For three different D, the obtained EP coupling constant λ and logarithmically averaged frequency ωln, as well as the estimated Tc with μ* = 0.1 taken are summarized in Table 1. Most remarkably, one sees that λ increases dramatically with the decrease of D. The increase of both N(EF) and λ is favorable to enhancing Tc. When D = 0.7D0, λ reaches as high as 1.46 and the estimated Tc is about 10 K. The superconductivity of bulk BP was reported early under high pressure.[18,19] Our results suggest that BLP can become a BCS superconductor under a certain degree of vertical compression. Due to the decrease of the van der Waals gap, the conduction band and the valence band are overlapped, resulting in the semiconductor-metal transition. In our previous work,[21] we predicted that the superconductivity could be induced in BLP by Li intercalation, and the transition temperature could be increased up to 16.5 K. The intercalated Li atoms act as a charge reservoir of the BLP and the charge transfer from Li to P atoms leads to a semiconducting to metallic transition. The prediction of superconductivity in BLP induced by vertical compression or by Li intercalation is an interesting subject for future experimental study.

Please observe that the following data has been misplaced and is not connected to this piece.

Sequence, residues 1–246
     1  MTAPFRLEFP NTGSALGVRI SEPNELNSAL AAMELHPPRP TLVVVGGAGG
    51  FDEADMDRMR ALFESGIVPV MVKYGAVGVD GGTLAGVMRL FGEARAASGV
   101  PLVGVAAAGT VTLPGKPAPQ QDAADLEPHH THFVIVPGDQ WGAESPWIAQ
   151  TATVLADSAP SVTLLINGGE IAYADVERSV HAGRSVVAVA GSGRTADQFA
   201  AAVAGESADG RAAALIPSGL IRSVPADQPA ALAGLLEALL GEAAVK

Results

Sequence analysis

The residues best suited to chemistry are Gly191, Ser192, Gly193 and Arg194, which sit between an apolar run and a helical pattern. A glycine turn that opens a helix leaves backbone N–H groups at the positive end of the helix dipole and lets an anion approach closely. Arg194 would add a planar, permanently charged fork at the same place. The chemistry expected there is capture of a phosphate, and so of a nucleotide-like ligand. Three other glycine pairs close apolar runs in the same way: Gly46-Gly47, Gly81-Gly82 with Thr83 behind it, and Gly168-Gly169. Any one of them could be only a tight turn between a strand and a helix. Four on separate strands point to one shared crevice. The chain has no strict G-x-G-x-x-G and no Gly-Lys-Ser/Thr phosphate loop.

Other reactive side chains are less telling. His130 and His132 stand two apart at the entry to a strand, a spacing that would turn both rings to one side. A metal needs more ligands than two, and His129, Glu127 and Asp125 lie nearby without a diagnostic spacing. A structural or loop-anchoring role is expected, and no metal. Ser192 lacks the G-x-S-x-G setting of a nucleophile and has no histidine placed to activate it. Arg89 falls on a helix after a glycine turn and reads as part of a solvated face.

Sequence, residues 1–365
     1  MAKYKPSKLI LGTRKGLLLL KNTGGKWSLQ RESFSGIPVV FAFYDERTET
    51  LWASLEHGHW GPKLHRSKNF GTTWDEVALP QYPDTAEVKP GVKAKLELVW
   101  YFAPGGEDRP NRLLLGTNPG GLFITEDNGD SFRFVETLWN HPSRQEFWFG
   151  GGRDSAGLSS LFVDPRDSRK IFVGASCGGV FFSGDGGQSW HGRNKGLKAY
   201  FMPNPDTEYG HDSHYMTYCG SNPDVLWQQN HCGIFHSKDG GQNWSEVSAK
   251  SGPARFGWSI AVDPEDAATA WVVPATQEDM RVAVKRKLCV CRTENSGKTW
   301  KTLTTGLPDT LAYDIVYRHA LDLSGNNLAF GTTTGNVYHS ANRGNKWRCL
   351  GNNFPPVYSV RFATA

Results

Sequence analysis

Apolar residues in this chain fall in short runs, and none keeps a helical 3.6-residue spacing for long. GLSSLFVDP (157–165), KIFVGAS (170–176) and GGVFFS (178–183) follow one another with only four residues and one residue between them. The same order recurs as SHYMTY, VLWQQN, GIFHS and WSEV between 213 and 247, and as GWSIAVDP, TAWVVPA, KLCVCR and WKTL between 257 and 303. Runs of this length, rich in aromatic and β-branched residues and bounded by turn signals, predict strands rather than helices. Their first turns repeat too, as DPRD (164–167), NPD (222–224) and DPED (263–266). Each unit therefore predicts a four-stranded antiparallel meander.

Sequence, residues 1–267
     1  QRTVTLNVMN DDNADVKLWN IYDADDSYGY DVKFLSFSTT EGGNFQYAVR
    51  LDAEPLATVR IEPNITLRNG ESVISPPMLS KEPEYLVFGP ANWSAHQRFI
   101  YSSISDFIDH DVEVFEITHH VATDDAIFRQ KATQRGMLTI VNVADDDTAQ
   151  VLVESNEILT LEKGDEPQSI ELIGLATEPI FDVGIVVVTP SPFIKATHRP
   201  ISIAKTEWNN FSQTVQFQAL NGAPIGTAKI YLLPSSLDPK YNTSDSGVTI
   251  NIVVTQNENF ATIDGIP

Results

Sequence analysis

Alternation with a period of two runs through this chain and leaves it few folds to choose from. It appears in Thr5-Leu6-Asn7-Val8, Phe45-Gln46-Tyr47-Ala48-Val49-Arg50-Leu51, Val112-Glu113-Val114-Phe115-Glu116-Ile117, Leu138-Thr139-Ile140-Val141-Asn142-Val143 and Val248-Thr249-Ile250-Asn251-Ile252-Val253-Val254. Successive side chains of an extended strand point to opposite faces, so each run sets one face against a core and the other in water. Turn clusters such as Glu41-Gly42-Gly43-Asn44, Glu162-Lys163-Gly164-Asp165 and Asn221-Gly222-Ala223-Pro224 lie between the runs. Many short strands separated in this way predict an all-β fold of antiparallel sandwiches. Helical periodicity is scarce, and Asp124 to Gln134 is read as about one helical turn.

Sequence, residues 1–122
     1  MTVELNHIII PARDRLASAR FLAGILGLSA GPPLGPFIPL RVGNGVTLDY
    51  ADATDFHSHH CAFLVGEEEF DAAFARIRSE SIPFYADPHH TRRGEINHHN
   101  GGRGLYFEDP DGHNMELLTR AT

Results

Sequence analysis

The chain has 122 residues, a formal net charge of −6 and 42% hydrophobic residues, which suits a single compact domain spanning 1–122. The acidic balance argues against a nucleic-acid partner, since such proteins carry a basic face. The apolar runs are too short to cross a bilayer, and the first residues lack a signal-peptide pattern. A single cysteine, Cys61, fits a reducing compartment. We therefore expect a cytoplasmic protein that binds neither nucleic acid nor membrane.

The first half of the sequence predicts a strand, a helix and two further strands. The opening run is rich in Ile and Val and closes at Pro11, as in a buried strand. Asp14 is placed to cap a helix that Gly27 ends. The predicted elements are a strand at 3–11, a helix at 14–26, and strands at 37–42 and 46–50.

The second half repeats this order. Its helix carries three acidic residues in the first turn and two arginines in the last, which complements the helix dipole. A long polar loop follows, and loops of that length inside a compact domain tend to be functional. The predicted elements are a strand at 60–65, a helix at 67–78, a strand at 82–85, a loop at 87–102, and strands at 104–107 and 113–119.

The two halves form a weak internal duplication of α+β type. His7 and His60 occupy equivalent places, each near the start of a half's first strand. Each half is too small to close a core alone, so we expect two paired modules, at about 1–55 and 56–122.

4. Summary

In conclusion, we predict that the BLP can become superconducting by adjusting the interlayer distance. A decreasing interlayer distance may realize the transition in the BLP from a semiconducting phase to a metallic phase. Our calculations of phonon structures show that the stable metallic BLP under vertical compression is within the range of 0.65D0 < D < 0.85D0. The interlayer phonon modes dominate the EP coupling, and so the interlayer vdW attractive interaction may play an important role in enhancing the EP coupling of BLP at smaller interlayer distance. The obtained EP coupling λ can be greater than 1 and the superconducting temperature Tc can be higher than 10K, suggesting that the phosphorene is a good candidate for low-dimensional superconductor.